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New update... The horizontal slat concept won't work. After subscribing and downloading this article http://apl.aip.org/resource/1/applab...sAuthorized=no and understanding about 5% of it, that 5% leads me to conclude that certain resonant frequencies will actually penetrate 100% through the surface, but with the size of the slats being smaller than the wavelength, most of the wavelengths will get reflected...

Hmmm... So I'm down to the simplest option which will be to make openings as large as possible in the front and side verticals, and then also make openings underneath where the seating will be...
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post #8 of 72 Old 11-08-2011, 06:19 PM
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If to make it work you have to tune to a frequency then I can see why there is not much in the way of constructive advice on how to make these. The problem I would have is I have no way of knowing what the response of my room is going to look like until I have seating and everything done - By then its too late to do anything to the riser. It seems like it is anyone's best guess as to how these will actually perform.
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post #9 of 72 Old 11-09-2011, 12:20 AM - Thread Starter
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Actually, I might have to revise my last line of thinking that nothing would get through. Reviewing the Transmission graphs, it actually looks like in a scenario where 11.1% is open space, as the frequency of sound moves toward being 5x longer than the "on center" width (or Period of grating), the Transmission percent climbs toward 10 or 11%... Those graphs are heavily affected by the thickness of the panel though, which I guess is what would be interesting to a physicist...

Geez, I'd probably have better luck setting up a speaker, an MDF board, and ETF outside on a dry day and testing than I would understanding the theoretical physics behind this. Are there any mathematicians here? From the article, one should be able to calculate the expected effects at sizes and frequencies which mean something to use trying to trap bass in a riser.

If anyone wants to check it out, you can sign up for a free trial and at least give the article a read through...
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post #10 of 72 Old 11-09-2011, 12:24 AM
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Quote:
Originally Posted by Felgar View Post

New update... The horizontal slat concept won't work. After subscribing and downloading this article http://apl.aip.org/resource/1/applab...sAuthorized=no and understanding about 5% of it, that 5% leads me to conclude that certain resonant frequencies will actually penetrate 100% through the surface, but with the size of the slats being smaller than the wavelength, most of the wavelengths will get reflected...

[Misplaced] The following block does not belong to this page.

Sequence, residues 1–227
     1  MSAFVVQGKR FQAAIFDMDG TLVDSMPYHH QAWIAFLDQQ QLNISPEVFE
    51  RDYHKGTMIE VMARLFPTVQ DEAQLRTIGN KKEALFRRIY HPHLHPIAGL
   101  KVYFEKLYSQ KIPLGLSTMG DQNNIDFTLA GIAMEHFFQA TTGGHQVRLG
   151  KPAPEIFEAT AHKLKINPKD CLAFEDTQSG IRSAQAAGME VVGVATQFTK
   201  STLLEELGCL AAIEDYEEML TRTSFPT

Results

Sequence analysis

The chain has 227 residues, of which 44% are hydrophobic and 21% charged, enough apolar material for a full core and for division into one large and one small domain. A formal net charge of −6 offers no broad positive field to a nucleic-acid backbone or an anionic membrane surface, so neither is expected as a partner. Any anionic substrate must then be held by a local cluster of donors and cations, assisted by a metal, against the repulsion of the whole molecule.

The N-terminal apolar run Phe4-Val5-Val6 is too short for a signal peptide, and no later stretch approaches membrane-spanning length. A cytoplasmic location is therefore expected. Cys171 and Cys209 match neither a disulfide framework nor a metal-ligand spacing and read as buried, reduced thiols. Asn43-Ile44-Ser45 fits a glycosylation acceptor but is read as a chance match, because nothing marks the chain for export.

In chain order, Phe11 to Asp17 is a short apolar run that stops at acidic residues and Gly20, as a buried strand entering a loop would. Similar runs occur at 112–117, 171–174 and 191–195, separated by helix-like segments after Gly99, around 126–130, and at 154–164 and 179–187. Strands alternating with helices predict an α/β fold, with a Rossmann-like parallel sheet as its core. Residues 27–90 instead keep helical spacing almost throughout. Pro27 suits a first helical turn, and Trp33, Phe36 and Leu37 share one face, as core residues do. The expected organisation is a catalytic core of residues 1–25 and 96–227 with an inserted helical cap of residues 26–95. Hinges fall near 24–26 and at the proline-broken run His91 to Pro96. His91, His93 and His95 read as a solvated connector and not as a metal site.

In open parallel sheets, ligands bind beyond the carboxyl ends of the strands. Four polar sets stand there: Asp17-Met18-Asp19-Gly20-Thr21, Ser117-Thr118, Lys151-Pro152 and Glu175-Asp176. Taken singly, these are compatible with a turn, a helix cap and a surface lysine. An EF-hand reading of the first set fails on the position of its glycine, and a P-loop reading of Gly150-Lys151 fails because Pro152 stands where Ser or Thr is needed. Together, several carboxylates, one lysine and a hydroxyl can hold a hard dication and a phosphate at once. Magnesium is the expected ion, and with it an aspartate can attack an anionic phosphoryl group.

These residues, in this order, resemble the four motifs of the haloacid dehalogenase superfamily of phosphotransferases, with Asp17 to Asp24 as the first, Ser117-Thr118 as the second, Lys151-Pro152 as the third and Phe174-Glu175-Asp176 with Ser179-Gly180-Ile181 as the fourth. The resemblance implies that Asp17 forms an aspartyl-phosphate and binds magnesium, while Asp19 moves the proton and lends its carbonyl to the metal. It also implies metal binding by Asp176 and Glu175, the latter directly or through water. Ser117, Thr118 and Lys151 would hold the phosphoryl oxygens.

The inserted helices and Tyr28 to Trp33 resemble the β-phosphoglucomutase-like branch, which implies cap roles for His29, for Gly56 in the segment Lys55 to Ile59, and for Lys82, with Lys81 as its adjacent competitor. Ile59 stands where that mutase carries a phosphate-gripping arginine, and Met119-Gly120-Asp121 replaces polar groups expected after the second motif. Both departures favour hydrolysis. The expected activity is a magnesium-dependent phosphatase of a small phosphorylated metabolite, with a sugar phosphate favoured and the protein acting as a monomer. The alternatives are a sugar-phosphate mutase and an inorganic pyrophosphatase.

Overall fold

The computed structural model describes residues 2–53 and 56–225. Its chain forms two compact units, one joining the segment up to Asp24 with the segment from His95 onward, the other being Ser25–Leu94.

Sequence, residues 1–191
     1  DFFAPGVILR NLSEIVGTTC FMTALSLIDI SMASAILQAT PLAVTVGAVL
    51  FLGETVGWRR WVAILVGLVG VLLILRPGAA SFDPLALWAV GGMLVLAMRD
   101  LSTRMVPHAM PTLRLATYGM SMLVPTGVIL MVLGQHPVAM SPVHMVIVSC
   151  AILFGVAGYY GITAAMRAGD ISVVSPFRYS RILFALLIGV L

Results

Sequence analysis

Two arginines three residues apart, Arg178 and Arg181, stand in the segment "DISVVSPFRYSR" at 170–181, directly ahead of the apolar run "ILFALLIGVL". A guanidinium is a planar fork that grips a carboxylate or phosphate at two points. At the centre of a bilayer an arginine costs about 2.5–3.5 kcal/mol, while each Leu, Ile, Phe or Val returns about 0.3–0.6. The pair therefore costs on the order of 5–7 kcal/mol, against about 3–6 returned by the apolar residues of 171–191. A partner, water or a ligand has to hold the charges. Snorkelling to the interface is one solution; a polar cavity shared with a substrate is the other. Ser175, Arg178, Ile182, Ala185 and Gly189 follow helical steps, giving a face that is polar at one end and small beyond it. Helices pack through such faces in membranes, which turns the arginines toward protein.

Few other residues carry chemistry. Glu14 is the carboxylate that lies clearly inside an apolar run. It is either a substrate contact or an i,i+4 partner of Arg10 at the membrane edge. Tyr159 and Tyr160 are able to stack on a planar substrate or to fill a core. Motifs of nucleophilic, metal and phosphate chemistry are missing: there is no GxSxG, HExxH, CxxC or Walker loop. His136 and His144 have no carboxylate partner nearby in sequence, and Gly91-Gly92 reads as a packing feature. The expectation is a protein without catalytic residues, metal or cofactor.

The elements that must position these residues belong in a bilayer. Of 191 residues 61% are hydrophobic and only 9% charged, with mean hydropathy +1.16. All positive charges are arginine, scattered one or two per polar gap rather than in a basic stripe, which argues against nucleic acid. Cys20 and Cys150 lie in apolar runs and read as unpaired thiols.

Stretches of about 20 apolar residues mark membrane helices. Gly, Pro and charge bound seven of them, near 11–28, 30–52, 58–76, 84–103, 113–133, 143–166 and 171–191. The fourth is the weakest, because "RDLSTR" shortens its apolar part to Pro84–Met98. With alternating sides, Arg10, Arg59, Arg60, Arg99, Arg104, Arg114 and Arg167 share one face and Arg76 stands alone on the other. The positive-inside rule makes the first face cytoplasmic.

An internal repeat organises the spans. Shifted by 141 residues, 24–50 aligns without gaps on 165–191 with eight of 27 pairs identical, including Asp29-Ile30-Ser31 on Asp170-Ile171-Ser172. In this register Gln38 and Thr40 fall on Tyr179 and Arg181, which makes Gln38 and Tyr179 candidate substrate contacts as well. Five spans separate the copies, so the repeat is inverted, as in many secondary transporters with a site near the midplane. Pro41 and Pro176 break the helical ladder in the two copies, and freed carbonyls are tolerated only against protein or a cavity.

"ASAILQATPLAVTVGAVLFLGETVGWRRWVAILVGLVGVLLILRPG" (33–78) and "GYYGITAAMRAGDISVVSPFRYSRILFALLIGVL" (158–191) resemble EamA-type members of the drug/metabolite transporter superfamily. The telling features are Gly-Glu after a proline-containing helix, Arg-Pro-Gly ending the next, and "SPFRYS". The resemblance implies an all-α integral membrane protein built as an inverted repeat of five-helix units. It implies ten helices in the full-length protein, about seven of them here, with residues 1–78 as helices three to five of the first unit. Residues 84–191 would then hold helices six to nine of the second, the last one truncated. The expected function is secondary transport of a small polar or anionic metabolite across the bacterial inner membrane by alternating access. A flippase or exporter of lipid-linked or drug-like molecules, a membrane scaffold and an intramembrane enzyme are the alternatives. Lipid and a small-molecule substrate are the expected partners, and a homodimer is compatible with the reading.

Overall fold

Hmmm... So I'm down to the simplest option which will be to make openings as large as possible in the front and side verticals, and then also make openings underneath where the seating will be...

Felgar, I'm in the same boat as you are. I've had difficulty getting a solid answer to building a bass trap riser. My riser, recently built, has holes cut in the back facing the wall and cut out vents on the back part of the platform. Also my middle support beams do not touch the ground so that sound can pass through the whole riser. I'm hoping that will take of some of the bass. So do you plan on cutting holes in the front part of the riser facing the screen and speakers? I still have time to do this since it's not carpeted yet.

Sunny Surrey, B.C. Canada
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post #11 of 72 Old 11-09-2011, 05:08 AM
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There have been many attempts to purpose a seating platform into a tuned resonator. I've seen one design where the platform was designed as a low pass filter. It can be done; but, the number of variables are staggering. A Helmholtz type resonator requires assurance the air flow is exactly as predicted. A tough job without knowing exactly what the carpet and padding will do ... and what effect the seating will have.

A broadband approach is easier and my suggestion is you stick to a broadband type that is most effective on the modal frequencies in the room. Such a design, however, requires the platform be directly adjacent to the back wall and at least one side wall.